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Shakeup in McCain Campaign

The news that Steve Schmidt will take over the day-to-day operations of John McCain's presidential campaign represent the result of several months of carping within the campaign and among the broader Republican chattering class about the direction of the Arizona Republican's bid.

Schmidt will take over "full operational control" of the campaign, according to a source familiar with operation. Schmidt will continue to report to current campaign manager Rick Davis, who will handle the campaign's finance team -- as he did in McCain's 2000 presidential bid -- and oversee the planning and execution of the Republican National Convention.

Sources within the campaign cast the move, which was announced to McCain's staff this morning, as the logical next step for Schmidt who was moved off the road and into the campaign headquarters earlier this month in order to bring more cohesion and organization to the McCain operation.

In recent weeks, the McCain campaign has come under considerable fire among Republican observers for its seeming lack of direction.

The chatter grew considerably in the wake of McCain's disastrous speech on June 3 -- the final night of the Democratic primary race -- in which he stood in front of a pea green backdrop and gave a speech aimed at framing the general election to a sparse and generally unenthusiastic crowd.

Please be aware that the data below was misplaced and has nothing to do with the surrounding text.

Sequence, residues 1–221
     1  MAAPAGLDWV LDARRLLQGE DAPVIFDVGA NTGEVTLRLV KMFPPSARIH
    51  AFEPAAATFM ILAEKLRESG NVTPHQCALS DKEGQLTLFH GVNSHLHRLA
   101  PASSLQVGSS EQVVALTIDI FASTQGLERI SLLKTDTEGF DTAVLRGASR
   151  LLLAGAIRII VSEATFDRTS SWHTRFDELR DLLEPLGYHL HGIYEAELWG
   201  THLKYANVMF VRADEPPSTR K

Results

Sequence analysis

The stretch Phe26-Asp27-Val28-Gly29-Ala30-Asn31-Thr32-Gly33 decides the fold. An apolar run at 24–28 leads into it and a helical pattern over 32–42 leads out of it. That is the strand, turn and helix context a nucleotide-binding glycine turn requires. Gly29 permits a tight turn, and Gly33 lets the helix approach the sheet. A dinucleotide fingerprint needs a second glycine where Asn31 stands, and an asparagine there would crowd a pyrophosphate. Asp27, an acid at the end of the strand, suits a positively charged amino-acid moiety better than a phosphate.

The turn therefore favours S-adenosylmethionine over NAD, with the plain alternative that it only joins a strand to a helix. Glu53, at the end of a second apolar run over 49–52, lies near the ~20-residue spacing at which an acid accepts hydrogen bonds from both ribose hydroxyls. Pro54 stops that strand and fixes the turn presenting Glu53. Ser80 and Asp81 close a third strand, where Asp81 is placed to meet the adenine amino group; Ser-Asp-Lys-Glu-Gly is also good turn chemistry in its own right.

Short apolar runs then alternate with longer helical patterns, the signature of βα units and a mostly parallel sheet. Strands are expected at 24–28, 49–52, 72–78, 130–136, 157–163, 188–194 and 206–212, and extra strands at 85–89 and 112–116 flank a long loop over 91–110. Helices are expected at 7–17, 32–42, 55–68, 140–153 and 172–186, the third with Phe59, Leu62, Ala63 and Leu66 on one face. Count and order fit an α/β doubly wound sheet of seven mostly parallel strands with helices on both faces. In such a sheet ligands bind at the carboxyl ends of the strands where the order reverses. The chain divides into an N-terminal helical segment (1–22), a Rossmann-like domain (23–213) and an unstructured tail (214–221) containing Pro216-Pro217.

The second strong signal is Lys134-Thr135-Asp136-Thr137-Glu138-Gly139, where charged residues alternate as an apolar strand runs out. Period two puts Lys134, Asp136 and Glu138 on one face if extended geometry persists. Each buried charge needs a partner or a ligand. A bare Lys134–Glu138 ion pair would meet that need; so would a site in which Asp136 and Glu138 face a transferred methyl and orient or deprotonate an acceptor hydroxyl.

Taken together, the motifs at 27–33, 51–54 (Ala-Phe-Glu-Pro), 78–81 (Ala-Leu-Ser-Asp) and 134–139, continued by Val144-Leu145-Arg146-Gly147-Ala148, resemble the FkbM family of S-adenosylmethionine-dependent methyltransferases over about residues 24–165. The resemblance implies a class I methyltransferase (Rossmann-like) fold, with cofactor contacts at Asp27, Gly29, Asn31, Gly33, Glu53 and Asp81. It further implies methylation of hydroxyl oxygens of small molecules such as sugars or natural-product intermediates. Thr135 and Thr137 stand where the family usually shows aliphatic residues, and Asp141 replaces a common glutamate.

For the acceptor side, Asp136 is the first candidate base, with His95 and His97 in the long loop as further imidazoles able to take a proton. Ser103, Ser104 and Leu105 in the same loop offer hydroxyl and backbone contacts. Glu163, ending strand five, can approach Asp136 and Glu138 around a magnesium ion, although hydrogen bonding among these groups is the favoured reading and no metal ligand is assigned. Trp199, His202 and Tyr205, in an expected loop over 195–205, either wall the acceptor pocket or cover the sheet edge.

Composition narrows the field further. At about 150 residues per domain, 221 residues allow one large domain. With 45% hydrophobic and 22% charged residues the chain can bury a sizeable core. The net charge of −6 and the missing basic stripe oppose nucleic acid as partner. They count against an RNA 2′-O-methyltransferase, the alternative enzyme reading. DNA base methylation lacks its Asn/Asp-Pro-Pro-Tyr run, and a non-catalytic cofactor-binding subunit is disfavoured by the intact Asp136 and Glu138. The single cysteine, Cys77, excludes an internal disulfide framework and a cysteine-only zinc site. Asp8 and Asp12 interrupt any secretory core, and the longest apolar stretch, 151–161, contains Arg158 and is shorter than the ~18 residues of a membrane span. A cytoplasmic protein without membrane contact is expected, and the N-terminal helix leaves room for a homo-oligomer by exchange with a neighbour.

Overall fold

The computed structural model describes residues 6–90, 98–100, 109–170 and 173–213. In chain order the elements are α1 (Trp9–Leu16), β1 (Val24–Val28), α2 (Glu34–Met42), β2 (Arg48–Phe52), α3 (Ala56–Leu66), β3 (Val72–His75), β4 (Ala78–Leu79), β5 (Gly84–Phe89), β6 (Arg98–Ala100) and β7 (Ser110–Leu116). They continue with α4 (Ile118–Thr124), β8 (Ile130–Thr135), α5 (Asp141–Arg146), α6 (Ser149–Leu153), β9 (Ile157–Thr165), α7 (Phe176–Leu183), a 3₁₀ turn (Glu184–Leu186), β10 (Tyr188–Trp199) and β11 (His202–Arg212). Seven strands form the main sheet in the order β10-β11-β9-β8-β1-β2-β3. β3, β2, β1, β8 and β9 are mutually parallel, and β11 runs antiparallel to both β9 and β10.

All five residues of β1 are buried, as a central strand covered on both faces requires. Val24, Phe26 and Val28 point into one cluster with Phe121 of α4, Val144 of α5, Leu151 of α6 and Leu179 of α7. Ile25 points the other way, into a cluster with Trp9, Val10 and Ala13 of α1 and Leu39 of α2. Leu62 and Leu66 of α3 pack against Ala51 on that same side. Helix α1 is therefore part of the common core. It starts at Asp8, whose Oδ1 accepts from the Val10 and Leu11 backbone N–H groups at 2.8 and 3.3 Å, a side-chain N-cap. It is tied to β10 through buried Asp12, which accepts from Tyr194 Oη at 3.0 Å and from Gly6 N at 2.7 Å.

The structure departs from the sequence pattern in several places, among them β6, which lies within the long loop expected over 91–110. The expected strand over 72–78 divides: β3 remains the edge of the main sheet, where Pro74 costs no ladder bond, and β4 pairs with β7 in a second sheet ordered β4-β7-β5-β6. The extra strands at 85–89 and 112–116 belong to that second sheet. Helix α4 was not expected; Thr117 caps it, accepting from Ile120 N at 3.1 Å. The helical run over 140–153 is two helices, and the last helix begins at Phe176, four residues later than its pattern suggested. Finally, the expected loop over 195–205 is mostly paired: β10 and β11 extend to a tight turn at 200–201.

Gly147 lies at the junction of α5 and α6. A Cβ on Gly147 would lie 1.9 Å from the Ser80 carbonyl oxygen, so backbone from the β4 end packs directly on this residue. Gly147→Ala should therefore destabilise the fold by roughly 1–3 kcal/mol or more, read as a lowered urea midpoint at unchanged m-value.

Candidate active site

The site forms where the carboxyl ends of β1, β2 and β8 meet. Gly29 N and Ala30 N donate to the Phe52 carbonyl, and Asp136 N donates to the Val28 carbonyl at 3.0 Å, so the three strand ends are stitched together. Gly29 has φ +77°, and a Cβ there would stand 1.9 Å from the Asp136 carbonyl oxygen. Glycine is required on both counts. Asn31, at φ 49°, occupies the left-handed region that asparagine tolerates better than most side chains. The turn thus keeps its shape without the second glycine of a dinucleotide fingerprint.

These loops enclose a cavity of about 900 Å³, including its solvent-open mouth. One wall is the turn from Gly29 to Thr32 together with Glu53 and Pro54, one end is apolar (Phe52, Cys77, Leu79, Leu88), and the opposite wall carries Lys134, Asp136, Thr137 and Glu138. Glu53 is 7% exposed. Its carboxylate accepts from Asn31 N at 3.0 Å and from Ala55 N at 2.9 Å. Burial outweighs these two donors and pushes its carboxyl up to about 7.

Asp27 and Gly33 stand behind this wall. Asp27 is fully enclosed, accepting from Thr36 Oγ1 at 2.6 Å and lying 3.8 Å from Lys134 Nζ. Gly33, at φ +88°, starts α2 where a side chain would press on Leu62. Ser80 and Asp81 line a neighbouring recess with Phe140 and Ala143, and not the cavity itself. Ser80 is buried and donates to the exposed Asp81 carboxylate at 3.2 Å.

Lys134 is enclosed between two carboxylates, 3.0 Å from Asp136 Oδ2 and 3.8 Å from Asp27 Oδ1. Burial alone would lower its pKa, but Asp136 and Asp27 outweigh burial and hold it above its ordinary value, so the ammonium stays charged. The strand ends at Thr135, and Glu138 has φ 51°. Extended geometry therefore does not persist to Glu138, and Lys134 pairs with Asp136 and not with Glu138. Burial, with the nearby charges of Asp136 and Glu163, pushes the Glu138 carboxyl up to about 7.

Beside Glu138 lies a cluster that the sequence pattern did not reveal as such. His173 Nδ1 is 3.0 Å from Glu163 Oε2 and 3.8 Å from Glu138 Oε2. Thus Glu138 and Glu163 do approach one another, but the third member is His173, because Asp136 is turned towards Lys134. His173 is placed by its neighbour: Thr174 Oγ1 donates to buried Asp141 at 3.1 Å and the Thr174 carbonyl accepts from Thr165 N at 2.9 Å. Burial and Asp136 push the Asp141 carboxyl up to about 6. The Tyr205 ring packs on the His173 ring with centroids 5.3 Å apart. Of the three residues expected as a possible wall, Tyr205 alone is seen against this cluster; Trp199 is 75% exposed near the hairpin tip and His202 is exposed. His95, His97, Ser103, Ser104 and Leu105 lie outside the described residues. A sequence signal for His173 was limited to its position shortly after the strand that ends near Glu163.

The contrast between the low quality production values of McCain's speech and the perfectly-turned event put together by Barack Obama's team at the Xcel Center in Minnesota was apparent to even the most casual political observer and set off fears among high-level Republicans that the Arizona Senator's campaign was simply not ready for prime time.

McCain's decision to head to Colombia and Mexico during July 4th week has also been roundly panned; the Post's own Dan Balz wrote a piece today that begins: "Why is John McCain in Colombia?"

The decision to give Schmidt the controls of the McCain campaign is likely to be greeted with relief by many within the Republican operative world. Schmidt is a veteran of the 2004 re-election campaign of President George W. Bush where he earned a reputation as a stern task master who was adept at managing the moving parts of a presidential campaign. From the Bush race, Schmidt relocated to California where he took over Gov. Arnold Schwarzenegger's (Calif.) flailing re-election bid and guided the Governator to an easy victory in the fall of 2006.

Schmidt attached himself to McCain's campaign in the early days of the 2008 presidential race -- as did many other former Bushies -- but, when the operation imploded last fall, decided to stick it out with McCain.

That decision paid off as McCain made a remarkable comeback to capture the Republican nomination and Schmidt's influence within the campaign and with the candidate increased by the day.

Although Schmidt is widely regarded as among the top strategists in the party, some senior party officials expressed skepticism that even he could turn around the McCain operation.